I never thought I would ever be a teacher or a trainer – beyond a brief period in my life when I taught drama and theatre studies. But as it has turned out, a large amount of my time over the past 20 years has been spent designing and delivering training or experiential learning programmes. To say I have developed anything as grand as a ‘training philosophy’ is rather presumptuous, but I do realise that over the years I have evolved a style of training and a number of training practices that seem to be increasingly coherent – a kind of dance between ‘art’ and ‘science’. At least, it seems coherent enough to try and share it – but largely to encourage others to create their own ‘training philosophy’ rather than to adopt mine.

There are, of course, many ways to train and the options one selects will depend on the learning purpose.

Learning purpose Description Training options
Knowledge acquisition Learning facts / figures / history * Lectures;
* Written materials;
* Internet
Skills development Enhancing / building new professional competencies * 1-1 or small group training;
* Practice-based / supervised work;
* Skills swaps
Increased empathy / insight Understanding situations ‘from within’ * Action research;
* Internships;
* Study visits
Behaviour modification Transforming operational style * Being ‘coached’ or ‘mentored’;
* Job swaps;
* Role playing
Visioning Developing imaginative capacity / originality in planning for the future * Creative workshops (eg story-telling, painting, drama);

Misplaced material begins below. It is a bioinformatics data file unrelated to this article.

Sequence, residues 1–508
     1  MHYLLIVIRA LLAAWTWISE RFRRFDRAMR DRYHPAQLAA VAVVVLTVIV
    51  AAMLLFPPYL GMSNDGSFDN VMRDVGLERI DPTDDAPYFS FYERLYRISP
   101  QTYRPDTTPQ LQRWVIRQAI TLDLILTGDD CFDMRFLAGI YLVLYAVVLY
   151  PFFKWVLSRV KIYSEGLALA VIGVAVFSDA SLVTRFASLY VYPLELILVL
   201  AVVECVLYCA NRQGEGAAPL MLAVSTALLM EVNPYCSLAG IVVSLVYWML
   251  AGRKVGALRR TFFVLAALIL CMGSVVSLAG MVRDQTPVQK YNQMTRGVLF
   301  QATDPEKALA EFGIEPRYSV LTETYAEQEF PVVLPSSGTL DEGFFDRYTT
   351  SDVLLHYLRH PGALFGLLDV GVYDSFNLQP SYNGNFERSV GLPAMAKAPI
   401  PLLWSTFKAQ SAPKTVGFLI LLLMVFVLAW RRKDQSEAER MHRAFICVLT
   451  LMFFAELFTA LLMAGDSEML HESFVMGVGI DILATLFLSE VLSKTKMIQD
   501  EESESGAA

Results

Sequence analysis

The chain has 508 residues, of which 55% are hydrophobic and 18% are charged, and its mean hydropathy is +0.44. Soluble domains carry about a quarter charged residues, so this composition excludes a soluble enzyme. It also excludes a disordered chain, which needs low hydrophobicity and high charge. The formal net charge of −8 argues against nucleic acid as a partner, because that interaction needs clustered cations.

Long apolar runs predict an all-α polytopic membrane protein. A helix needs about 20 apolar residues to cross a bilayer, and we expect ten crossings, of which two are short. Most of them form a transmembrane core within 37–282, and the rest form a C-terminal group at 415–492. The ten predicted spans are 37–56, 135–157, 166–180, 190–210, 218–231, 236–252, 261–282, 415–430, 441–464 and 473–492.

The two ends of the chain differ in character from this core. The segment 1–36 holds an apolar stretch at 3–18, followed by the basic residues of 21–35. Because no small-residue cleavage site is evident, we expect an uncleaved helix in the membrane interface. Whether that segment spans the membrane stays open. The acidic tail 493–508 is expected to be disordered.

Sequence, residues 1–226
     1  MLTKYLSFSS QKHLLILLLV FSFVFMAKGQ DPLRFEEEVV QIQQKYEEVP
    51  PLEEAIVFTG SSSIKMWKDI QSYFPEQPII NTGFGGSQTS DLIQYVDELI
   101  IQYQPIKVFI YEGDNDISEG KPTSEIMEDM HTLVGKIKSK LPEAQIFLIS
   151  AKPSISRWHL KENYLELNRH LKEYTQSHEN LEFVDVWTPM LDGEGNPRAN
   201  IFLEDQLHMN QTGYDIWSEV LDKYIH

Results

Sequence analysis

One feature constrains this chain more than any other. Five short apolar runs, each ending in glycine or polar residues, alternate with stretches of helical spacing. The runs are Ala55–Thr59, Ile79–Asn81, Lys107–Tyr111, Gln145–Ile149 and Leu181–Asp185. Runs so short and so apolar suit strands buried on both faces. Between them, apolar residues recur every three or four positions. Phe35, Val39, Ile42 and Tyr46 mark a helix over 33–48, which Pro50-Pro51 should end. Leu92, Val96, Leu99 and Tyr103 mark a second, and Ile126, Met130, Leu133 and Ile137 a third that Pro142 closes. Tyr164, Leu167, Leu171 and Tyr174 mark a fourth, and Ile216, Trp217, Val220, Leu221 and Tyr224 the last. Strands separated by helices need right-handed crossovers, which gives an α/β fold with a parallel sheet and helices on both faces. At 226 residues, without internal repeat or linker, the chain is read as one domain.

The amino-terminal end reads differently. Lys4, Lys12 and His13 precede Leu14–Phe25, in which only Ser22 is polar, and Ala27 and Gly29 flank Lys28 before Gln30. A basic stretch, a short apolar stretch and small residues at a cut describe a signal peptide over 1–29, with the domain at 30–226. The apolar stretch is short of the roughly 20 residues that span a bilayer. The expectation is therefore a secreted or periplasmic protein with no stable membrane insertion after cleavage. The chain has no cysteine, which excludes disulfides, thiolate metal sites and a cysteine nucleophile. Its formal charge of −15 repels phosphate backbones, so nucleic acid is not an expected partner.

* Inspirational events;
* Futures / search workshops
Building working relationships Strengthening creative collaboration (eg between teams / networks / partners) * Facilitated workshops;
* Secondments;
* E-moderated learning

As a trainer, it is useful to be able to tailor sessions to suit different groups and purposes. It is also great to incorporate many different types of learning into the same training course. Wherever possible (and before the Covid-19 pandemic made this impossible) I took groups into situations, projects, environments where they came face-to-face with issues that are better understood through direct experience rather than by third party description.

The psychologist John Heron has written well about how we know what we know and I have found his work inspirational over many decades. He explores three basic types of knowledge:

  • Experiential (drawing from direct experience)
  • Propositional (working from ideas and concepts)
  • Practice-based (knowing from doing)

To which I think we can add as a fourth and a fifth:

  • Cultural (values-based knowledge linked to your ‘community’)
  • Intuitive – see Using Our Senses (link)

I believe that the single most important thing in training or working with others is to be prepared for the unexpected…

Effective training is far less to do with what the trainer says or knows and far more to do with who the trainer is and how he / she behaves. By which I mean that trainers are only as good as their deeds, not their words. How far does any trainer role model what they claim to be important?

Above all, good training is about transformation – finding the ‘tipping points’ as Malcolm Gladwell explores so vividly in his best-selling book.

” In the end, Tipping Points are the reaffirmation of the potential for change and the power of intelligent action. Look at the world around you. It may seem like an immovable, implacable place. It is not. With the slightest push – in just the right place – it can be tipped”

From THE TIPPING POINT, Malcolm Gladwell, 2000, Abacus